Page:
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Once inside the walls, the Ottoman soldiers gave no quarter. According to one eyewitness, “Nothing will ever equal the horror of this harrowing and terrible spectacle. People frightened by the shouting ran out of their houses and were cut down by the sword before they knew what was happening. And some were massacred in their houses where they tried to hide, and some in churches where they sought refuge.”

They began stealing, pillaging, killing, raping, taking captive men, women, children, old men, young men, monks, priests and people of all sorts and conditions. Priests were led into captivity in droves, as well as virgins, hermits and recluses. Many were dragged and killed from the churches in which they had sought refuge, in spite of their weeping and sobs. Children were brutally taken from their mothers and girls were given up to strange and horrible unions. It’s estimated some 30,000 citizens were enslaved and deported.

1.Strange Signs

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According to an ancient belief among the inhabitants of the city, Constantinople would fall only when the moon gave a sign. During the seige, on May 22, 1453, the ancient myth appeared to come true. As the city lay besieged by the forces of Mehmet II, the moon went into a long and dark eclipse. Constantinople’s defenders were filled with paralyzing despair; outside the walls, Ottoman troops enjoyed cautious hope. It turned out to be a partial lunar eclipse.

Four days later, the whole city was blotted out by a thick fog, a condition unknown in that part of the world. When the fog finally lifted, a strange light was seen above the dome of the church Hagia Sophia, which they interpreted as the Holy Spirit departing from the city.  According to the author of History of Mehmed the Conqueror, “This evidently indicated the departure of the Divine Presence, and its leaving the City in total abandonment and desertion, for the Divinity conceals itself in cloud and appears and again disappears.” A few days later, more “signs” appeared. Just as the Byzantines were seeking divine favor with a religious procession through the city, a tremendous thunderstorm began. Dangerous floods and pelting hail brought a quick end to the ceremony.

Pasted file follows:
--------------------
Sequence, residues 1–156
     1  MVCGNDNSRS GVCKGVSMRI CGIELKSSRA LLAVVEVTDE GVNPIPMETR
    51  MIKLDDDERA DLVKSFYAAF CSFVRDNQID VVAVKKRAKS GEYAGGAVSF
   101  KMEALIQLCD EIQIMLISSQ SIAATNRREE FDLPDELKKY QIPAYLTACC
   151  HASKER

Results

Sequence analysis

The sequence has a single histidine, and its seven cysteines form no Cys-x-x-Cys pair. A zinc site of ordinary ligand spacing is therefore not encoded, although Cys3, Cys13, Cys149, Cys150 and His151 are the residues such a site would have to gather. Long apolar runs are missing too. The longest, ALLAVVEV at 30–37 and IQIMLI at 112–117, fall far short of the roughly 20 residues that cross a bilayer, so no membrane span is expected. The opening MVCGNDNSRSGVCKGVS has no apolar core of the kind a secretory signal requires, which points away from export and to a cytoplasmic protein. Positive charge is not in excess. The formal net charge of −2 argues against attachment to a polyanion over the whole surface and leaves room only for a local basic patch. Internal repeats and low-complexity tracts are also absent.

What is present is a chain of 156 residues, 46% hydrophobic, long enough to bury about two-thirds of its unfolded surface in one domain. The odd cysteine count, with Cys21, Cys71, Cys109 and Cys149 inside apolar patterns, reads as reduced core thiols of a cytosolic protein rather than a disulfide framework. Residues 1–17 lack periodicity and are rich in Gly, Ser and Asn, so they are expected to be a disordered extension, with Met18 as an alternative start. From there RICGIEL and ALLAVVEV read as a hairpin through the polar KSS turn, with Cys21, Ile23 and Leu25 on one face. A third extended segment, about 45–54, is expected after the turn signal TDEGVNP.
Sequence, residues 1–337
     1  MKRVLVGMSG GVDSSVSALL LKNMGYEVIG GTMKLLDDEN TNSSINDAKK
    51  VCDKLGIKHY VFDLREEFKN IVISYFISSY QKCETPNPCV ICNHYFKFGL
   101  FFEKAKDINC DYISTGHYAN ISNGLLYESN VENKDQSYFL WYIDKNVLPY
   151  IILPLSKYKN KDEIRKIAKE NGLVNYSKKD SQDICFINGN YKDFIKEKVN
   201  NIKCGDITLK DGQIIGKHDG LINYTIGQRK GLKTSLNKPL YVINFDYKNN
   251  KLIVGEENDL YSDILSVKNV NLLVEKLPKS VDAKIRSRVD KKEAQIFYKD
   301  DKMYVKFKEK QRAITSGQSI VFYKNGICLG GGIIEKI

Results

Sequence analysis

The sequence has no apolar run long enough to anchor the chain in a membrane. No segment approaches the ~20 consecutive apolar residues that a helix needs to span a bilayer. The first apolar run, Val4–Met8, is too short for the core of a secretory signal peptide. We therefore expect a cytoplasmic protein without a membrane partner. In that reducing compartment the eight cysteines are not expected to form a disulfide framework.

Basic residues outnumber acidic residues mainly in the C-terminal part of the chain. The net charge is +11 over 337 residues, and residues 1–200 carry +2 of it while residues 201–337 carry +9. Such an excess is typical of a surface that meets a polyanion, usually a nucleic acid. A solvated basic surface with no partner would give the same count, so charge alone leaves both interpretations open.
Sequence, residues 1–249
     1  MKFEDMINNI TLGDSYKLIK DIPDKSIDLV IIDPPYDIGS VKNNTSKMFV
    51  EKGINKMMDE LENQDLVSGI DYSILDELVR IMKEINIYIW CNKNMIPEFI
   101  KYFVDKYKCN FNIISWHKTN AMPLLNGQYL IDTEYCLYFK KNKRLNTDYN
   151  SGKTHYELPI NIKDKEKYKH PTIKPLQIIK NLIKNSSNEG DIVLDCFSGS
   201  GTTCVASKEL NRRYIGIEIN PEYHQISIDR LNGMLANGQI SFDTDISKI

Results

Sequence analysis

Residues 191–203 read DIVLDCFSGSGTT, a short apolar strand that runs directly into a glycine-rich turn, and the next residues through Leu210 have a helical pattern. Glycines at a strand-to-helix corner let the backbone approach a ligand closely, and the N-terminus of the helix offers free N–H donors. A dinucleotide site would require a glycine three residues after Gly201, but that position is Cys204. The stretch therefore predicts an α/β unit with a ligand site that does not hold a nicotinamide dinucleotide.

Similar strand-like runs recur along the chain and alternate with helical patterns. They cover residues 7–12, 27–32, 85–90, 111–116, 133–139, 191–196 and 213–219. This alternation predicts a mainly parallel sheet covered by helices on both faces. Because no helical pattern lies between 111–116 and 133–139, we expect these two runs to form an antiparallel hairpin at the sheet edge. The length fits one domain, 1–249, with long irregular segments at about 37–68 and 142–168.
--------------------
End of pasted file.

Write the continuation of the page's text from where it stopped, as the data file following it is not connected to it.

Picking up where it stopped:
500 fears later, it appears that the four days of fog were caused by a volcanic eruption in the South Pacific—half a world away from Byzantium. Evidence points to the eruption of the volcano Kuwae in the year 1453. When it erupted, Kuwae spewed out more than six times as much molten rock and ash as did the Philippines’ Mount Pinatubo in 1991.

The volcanic cloud would have shrouded the earth thickly enough to darken the moon above Constantinople beyond the usual, dulled-copper appearance of a lunar eclipse. Also, the cloud of suspended particles could be responsible for the unseasonably cold weather, with rain and snow, and for the bizarre optical effects reported by various chroniclers at Constantinople, all of which are phenomena now known to be associated with volcanic eruptions.

Kuwae may have been unique in that it may have thrown its volcanic veil over one of the great turning points of world history.

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Rick Mac
Student and author of History. The study of History is the beginning of wisdom.